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Taking the Diefenbunker

Debert landmark fully belongs to patient buyer

Businessman Jonathan Baha’i has cleared a final hurdle in claiming sole ownership of the Debert Diefenbunker, an abandoned Cold War fallout shelter, shown in a file photo before the purchase.

Hunkered down inside the Diefenbunker in Debert, Jonathan Baha’i can finally breathe a secure sigh of relief.

“We finally stomped out the appeal,” Baha’i said Wednesday of clearing the final legal hurdle to undisputed ownership of the underground shelter.

The legal wrangling started not long after Baha’i purchased the 64,000-square-foot former military installation in November 2012 for less than $40,000 in a Colchester County tax sale.

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A New Religion - America Puzzled by a Strange Faith

Having brought the Bible up-to-date, America has "unearth a Messiah," or "Prophet," and his cult, under the name of Bahai Revelation," is spreading from New York and Boston to Chicago, and thence to the Pacific slope.

The whole of this strange new religion is wrapped in mystery, writes a New York correspondent.

The temple in 58th street, to which I gained admittance, was like a little concert hall, with daylight blocked out and electric lights most cunningly arranged. The mystic password was Allah-U-Abha!" Crowds entered, chiefiv ladies. Everybody was introduced to everybody else—"Sister True, of Chicago," to "Miss Blossom, of Boston" and then "Brother" Hoare caused a lectern to revolve and rise, and gave out what sounded like a Surah of the Koran. We responded devoutly, "Allah-U-Abha!" whereupon it was announced that Brother McNutt would address the meeting. This gentleman, an American—keen, welldressed, and alert—discoursed on his travels in Syria to find the "Prophet," who has his headquarters there, and told us of his arguments by starlight with Hindu Swamis and Moslem pillars of Islam from Morocco to Baghdad.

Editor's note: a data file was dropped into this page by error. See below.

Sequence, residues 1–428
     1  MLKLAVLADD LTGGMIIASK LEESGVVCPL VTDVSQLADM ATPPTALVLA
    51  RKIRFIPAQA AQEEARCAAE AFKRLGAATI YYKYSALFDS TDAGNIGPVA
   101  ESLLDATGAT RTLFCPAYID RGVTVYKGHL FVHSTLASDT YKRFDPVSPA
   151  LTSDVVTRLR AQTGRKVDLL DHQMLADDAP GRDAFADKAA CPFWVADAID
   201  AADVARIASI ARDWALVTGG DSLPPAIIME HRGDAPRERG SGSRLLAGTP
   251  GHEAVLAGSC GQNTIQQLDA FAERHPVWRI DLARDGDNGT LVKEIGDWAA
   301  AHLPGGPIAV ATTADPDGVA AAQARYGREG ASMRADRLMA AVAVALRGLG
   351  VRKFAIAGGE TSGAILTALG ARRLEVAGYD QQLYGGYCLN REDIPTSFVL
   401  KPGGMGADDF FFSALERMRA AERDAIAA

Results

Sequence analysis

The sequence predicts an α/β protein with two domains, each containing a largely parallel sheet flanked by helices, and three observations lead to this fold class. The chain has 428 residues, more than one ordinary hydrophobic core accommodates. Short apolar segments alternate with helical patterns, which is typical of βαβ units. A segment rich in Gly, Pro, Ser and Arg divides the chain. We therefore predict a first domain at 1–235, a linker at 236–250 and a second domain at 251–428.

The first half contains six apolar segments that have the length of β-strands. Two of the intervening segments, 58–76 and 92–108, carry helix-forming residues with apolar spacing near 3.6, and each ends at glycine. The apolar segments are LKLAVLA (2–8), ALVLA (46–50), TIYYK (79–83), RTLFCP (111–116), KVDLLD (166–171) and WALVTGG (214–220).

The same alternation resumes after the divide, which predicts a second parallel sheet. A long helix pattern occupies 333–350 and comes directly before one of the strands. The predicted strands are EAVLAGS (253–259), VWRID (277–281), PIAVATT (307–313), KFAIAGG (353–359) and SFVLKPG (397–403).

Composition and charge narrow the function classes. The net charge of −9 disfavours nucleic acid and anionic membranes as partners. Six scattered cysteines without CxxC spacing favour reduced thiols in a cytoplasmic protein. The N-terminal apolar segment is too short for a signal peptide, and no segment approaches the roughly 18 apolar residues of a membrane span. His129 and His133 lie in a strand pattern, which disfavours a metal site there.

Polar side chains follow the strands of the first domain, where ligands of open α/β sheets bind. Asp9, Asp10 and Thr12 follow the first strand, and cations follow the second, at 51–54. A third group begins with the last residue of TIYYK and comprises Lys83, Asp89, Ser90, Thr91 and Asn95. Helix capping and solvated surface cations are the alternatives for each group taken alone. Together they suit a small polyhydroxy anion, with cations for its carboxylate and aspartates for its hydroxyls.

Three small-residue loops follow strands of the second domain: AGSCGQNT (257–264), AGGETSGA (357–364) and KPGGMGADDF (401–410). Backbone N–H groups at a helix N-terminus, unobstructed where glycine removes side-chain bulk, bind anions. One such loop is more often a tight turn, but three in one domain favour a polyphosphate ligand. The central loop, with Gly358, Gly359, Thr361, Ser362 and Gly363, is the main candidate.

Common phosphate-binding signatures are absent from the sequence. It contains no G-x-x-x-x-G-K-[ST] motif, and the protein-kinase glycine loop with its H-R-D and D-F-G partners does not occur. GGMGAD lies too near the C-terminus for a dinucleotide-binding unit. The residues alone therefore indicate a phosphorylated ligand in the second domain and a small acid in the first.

There was no collection, and no one was amazed to find that the basic religion simply rested on the formula of Mahommedanism: "There is no god but God, and Bahai'Ullah is his prophet."

Briefly, the idea is that all the religions on earth are, as it were, so many trees of divergent kind and many species while the "Bahai Revelation" is the parent soil from which they all spring. The cult aims at uniting Jews and Moslems, Christians and Buddhists, Taoists and Hindus and Confucians, all in one fold, wherein all faiths will "consort in love and fragrance."

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Baha'i Religion Upset With Google Knowledge Graph

Those six million people who are part of the Baha'i Faith are a bit upset with Google over their new Knowledge Graph.

One Baha'i or Bahá'u'lláh follower posted in the Google Web Search Help forums explaining the issue. In short, when you Google certain phrases, such as [declaration of the bab], which is a holiday they celebrate, up comes pictures of Báb and Bahá'u'lláh. Those who observe the faith rarely ever look at pictures of Báb and Bahá'u'lláh. They consider them a Manifestation of God and thus do not look at depictions of them either in pictures, drawings or other forms.

According to Wikipedia, they only may look at a picture on a pilgrimage to Haifa, Israel where the shrine of Bab is.

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What would Shoghi Effendi do?

Rolling Stone magazine cover

An extract from an interview Bob Dylan gave to Mikal Gilmore of Rolling Stone magazine:

Mikal: I've brought up the subject partly because of something you said the night he was elected: "It looks like things are gonna change now." Do you feel that the change you anticipated has been borne out?

Bob: You want to repeat that again? I have no idea what I said.

Mikal: It was Election Night 2008. Onstage at the University of Minnesota, introducing your band's members, you indicated your bassist and said, "Tony Gamier, wearing the Obama button. Tony likes to think it's a brand-new time right now. An age of light. Me, I was born in 1941 – that's the year they bombed Pearl Harbor. Well, I been living in a world of darkness ever since. But it looks like things are gonna change now."

Bob: I don't know what I said or didn't say. As far as Tony goes, yeah, maybe he was wearing an Obama button and maybe I said some stuff because right there in the moment it all made sense. Maybe I said things looked like they could change. And maybe they did change. I don't think I could have predicted how they would change, but whatever was said, it was said for people in that hall for that night. You know what I'm saying? It wasn't said to be played on a record forever. Or did I go down to the middle of town and give a speech?

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